Internal Conflict : First Wave Criticism Essay

1203 Words Nov 13th, 2014 null Page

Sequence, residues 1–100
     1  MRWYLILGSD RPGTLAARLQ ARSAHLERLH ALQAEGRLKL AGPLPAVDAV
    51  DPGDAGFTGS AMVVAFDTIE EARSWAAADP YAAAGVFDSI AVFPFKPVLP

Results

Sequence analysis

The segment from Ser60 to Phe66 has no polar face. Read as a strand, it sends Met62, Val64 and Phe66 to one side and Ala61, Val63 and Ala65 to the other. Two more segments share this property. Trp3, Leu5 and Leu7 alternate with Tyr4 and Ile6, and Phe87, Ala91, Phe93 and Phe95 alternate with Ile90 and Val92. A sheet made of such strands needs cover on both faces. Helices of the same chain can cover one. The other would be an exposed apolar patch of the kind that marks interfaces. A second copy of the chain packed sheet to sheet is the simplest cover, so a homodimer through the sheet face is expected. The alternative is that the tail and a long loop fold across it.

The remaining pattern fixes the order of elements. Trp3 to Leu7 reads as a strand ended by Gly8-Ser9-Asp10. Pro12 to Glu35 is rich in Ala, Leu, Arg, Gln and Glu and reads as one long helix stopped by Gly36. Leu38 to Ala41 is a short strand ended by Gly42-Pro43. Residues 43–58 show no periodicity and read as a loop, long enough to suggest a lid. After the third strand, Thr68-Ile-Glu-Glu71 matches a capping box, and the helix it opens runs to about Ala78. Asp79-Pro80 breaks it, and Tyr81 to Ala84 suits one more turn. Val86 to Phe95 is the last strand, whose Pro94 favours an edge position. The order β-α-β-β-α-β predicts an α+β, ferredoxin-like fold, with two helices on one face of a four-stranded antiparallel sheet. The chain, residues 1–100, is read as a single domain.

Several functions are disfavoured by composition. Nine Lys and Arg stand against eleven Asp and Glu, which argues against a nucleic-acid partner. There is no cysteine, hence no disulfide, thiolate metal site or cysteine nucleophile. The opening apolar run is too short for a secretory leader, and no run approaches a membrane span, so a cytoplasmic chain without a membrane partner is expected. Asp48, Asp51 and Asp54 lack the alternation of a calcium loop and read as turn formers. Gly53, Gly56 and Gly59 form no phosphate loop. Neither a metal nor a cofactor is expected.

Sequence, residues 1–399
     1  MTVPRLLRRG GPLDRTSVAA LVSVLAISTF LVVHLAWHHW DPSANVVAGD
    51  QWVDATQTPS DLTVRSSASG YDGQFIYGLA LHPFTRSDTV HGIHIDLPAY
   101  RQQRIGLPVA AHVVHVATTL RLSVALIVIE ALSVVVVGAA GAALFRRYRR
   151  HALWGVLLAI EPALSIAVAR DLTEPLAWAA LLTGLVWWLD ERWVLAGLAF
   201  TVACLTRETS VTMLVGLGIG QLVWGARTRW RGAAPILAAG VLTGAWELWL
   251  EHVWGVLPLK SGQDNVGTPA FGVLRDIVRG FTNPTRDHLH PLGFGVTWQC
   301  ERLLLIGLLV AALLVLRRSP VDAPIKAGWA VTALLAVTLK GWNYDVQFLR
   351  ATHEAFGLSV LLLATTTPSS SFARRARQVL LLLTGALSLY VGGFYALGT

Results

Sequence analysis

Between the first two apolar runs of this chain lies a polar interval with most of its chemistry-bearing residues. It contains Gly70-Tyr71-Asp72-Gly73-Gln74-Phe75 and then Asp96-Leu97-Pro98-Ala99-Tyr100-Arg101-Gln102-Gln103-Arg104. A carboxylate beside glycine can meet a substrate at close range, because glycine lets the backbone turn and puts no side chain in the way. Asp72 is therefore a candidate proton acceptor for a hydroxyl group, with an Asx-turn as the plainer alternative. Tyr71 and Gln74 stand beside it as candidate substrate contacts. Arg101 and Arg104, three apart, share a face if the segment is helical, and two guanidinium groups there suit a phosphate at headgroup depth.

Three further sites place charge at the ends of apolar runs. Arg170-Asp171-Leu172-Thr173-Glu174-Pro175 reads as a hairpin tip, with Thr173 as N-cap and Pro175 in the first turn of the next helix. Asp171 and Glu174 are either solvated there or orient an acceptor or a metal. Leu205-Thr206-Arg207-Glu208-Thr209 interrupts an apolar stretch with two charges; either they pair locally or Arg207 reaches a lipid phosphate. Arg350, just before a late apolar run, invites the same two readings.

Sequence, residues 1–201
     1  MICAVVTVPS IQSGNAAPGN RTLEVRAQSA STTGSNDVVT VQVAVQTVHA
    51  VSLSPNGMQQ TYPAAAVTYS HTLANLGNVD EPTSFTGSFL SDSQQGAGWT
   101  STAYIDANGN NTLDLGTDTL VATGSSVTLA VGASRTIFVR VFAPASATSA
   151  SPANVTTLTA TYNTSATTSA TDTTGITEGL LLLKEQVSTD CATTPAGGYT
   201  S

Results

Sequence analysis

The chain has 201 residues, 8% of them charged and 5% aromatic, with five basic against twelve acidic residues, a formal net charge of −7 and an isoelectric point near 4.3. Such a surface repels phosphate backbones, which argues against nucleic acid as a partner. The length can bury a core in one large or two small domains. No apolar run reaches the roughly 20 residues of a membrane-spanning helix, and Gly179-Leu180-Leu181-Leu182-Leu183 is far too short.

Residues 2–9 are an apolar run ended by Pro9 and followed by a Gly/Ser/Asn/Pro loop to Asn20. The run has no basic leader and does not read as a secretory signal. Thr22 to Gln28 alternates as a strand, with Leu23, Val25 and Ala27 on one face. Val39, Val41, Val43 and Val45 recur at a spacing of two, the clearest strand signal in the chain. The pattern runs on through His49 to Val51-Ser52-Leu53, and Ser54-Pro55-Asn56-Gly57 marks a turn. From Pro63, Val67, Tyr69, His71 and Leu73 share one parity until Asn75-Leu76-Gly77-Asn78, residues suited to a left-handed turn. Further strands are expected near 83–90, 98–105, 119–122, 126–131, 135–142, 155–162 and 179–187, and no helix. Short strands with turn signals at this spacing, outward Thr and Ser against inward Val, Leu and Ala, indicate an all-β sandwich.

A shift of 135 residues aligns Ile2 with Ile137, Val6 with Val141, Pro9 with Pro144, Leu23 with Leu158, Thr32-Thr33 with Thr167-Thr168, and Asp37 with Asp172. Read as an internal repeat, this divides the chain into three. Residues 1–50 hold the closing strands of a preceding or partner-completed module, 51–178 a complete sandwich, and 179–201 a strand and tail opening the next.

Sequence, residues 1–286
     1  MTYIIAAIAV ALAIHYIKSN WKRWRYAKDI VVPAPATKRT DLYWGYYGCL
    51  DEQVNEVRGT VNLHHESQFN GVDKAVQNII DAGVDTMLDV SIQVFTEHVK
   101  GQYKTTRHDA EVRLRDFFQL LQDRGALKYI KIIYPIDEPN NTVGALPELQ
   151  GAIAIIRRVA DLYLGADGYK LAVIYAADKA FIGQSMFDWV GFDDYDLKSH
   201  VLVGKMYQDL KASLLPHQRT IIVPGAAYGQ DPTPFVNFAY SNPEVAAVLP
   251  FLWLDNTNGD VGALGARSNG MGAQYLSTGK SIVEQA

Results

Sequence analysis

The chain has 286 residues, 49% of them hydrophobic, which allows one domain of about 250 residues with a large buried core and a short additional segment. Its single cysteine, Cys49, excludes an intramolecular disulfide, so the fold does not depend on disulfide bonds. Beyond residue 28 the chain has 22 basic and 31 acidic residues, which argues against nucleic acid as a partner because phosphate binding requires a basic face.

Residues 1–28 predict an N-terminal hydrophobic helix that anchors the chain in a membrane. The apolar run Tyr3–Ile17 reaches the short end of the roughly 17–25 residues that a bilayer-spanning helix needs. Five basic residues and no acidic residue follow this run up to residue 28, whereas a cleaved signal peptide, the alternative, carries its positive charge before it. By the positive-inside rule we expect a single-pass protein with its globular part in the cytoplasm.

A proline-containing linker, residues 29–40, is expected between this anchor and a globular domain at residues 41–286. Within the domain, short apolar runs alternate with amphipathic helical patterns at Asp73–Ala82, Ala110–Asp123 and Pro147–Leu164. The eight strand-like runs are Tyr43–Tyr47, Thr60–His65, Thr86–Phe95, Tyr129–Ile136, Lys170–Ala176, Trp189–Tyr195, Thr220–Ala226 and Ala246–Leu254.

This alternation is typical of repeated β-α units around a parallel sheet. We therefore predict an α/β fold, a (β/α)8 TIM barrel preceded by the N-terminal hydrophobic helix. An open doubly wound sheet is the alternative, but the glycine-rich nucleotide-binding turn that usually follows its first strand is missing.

Few theoretical fields can compare with the amount of internal conflict that plagues postcolonial theory: a semmingly constant stream of debates centring on internal rather than external elements. One such debate can be located between the ‘first wave’ and ‘second wave’ critics of the theory, who are often engaged with one another in a rather antagonistic manner. A simple explanation of the stances of each wave can be stated as such: first wave criticism challenges the colonial status quo, whereas second wave instigates a critique of first wave criticism. Therefore, as Ellen Grunkemeier states, it is “inappropriate” to class the second wave as a replacement of the first wave; rather they co-exist within the theory, clashing but neither gaining the upper hand. The divide that exists between these two modes of criticism can be tentatively narrowed down to the essential difference of interests: first wave criticism is primarily concerned with literary analysis, whereas second wave critics promote a shift towards the political. This essay will endeavour to discuss the divide which exists between ‘first wave’ and ‘second wave’ postcolonial criticism, with specific focus paid to their disagreement on the issue of ‘resistance’ using J. M. Coetzee’s Waiting for the Barbarians and Derek Walcott’s Omeros as literary examples. The Oxford Dictionary definition of the word ‘resistance’ is “the refusal to accept or comply with something”. Both first and second wave postcolonial…

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